Project Details

Description

Monoclonal antibodies that interact with functional antigens on phagocytes are particularly useful as specific probes to study the role of surface structures in cell activation. By fusing spleen cells from mice immunized with human peripheral blood granulocytes with mouse myeloma cells, we have developed a highly specific monoclonal antibody, DL1.2, that induces chemotaxis in neutrophilic granulocytes (PMN). DL1.2 also stimulates f-met-leu-phe (fMLP)-induced chemotaxis. By means of flow cytometry and immunofluorescence, DL1.2 was found to react predominantly (greater than 85%) with mature PMN and not myeloid or monocytic precursor cells. DL1.2 binds to a 120 kD protein on PMN that we have purified by affinity chromatography. The overall objective of this proposal is to further characterize the chemotactic antigen on PMN that binds DL1.2 and to elucidate the mechanism by which it stimulates chemotaxis. Our hypothesis is that DL1.2 directly activates a tyrosine specific protein kinase resulting in phosphorylation of critical membrane proteins and cytoskeletal elements which subsequently leads to directed migration. Preliminary studies indicate that DL1.2 induces tyrosine specific protein phosphorylation in PMN, but has no effect on mobilization of calcium from intracellular stores. Furthermore, the effects of DL1.2 on PMN are not inhibited by the guanine nucleotide binding protein inhibitor, pertussis toxin. Thus, DL1.2, like phorbol myristate acetate, may bypass the calcium requiring segment of the activation sequence in PMN by acting directly on a protein kinase. To test this hypothesis, we plan to examine the effects of DL1.2 alone and in combination with fMLP on tyrosine kinase activity and protein phosphorylation in PMN. We will also study the effects of the antibody on intracellular calcium mobilization and on phosphatidylinositol turnover since these processes have been linked to chemoattractant induced PMN activation. Studies on DL1.2 and its relationship to other antibody binding sites may help to elucidate the transduction signals that regulate PMN migration.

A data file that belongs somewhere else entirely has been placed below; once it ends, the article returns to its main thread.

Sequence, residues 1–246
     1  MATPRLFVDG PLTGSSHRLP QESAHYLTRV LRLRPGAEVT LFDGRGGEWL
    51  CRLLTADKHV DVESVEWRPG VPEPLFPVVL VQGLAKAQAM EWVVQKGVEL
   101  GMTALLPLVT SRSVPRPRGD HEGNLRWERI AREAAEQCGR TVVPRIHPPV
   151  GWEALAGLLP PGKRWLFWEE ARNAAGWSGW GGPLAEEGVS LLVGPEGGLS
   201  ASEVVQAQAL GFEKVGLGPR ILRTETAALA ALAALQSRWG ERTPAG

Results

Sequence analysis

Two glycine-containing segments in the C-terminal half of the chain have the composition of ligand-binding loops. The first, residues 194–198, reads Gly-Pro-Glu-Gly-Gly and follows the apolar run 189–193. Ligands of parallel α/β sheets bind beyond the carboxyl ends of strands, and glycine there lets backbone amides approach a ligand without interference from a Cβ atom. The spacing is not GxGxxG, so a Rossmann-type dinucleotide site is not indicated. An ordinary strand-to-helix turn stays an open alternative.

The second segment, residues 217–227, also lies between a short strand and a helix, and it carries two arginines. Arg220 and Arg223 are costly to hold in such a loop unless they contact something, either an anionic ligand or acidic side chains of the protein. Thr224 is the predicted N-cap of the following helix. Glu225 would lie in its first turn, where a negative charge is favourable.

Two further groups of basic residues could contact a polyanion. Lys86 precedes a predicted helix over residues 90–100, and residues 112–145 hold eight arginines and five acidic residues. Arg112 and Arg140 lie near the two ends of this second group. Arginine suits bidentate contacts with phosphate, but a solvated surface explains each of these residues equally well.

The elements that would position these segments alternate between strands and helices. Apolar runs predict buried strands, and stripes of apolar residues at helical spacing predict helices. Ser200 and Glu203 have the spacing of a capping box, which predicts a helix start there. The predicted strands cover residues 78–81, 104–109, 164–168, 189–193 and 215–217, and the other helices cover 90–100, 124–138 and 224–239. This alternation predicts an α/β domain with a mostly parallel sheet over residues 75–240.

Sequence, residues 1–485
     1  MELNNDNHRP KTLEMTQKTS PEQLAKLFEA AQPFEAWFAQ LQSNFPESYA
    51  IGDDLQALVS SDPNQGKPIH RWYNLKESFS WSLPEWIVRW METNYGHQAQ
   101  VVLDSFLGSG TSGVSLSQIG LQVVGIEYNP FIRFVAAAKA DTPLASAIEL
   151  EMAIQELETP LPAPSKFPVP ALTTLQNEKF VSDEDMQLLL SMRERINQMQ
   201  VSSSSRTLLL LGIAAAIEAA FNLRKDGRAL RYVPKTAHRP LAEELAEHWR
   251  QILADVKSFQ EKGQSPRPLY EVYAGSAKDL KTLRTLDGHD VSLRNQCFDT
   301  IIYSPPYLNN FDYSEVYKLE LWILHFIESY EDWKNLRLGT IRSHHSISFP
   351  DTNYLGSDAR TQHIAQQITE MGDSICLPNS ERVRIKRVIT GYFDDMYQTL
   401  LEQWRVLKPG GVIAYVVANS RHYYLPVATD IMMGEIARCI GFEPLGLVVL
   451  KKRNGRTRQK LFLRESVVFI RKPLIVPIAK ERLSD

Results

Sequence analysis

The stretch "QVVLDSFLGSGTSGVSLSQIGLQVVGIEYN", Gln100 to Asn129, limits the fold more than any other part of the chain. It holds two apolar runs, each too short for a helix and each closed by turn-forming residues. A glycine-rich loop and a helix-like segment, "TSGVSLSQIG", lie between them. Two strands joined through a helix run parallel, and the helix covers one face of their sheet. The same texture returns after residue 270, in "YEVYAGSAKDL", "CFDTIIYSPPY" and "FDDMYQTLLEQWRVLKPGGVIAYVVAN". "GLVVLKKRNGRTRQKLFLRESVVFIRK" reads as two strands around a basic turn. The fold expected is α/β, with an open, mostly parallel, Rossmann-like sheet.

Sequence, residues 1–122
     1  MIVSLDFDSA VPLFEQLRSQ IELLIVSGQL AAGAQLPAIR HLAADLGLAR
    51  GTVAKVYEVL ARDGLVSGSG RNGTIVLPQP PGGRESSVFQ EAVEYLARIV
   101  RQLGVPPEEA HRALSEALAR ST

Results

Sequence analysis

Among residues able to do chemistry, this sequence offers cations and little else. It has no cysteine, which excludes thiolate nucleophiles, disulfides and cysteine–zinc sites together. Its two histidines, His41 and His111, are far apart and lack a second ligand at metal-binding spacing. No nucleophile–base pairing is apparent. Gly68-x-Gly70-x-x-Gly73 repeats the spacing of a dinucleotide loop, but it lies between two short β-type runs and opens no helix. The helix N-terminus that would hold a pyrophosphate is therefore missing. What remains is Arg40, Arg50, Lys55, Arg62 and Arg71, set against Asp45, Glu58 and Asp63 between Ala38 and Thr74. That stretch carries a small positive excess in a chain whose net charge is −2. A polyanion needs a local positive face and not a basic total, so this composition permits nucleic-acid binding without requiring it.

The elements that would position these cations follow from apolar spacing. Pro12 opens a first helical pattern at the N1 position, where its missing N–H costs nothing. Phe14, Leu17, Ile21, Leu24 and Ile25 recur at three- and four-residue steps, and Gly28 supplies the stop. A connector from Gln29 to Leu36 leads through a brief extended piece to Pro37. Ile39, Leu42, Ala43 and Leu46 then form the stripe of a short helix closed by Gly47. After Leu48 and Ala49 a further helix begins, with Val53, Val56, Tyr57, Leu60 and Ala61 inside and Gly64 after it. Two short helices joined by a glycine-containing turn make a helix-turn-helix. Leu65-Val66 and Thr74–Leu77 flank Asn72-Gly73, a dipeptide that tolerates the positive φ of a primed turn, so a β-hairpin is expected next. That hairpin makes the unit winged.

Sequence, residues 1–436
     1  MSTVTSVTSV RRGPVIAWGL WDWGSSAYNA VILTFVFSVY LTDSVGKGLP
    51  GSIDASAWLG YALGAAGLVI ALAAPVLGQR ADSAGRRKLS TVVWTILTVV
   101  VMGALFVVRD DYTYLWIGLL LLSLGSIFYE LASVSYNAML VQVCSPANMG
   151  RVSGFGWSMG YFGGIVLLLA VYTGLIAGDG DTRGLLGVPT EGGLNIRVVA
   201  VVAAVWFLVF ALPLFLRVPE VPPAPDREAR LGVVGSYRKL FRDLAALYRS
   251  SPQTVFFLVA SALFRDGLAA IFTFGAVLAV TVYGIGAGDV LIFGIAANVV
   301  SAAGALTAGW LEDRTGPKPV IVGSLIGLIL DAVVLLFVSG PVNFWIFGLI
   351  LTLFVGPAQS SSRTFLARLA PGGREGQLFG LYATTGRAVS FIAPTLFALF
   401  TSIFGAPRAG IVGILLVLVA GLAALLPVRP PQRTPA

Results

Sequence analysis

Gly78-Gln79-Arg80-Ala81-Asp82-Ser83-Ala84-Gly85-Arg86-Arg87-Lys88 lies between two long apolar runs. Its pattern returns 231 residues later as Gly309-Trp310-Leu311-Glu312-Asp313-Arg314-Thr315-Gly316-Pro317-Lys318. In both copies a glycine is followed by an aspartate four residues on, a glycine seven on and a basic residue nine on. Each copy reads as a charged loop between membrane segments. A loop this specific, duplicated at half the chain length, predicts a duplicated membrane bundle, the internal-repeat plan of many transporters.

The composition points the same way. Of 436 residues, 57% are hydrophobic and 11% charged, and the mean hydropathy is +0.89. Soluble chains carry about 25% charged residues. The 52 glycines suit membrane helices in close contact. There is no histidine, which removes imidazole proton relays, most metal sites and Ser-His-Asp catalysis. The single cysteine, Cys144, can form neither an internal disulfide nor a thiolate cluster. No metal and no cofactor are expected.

StatusFinished
Effective start/end date1/1/906/30/92

Funding

  • National Institute of Allergy and Infectious Diseases

ASJC

  • Cell Biology

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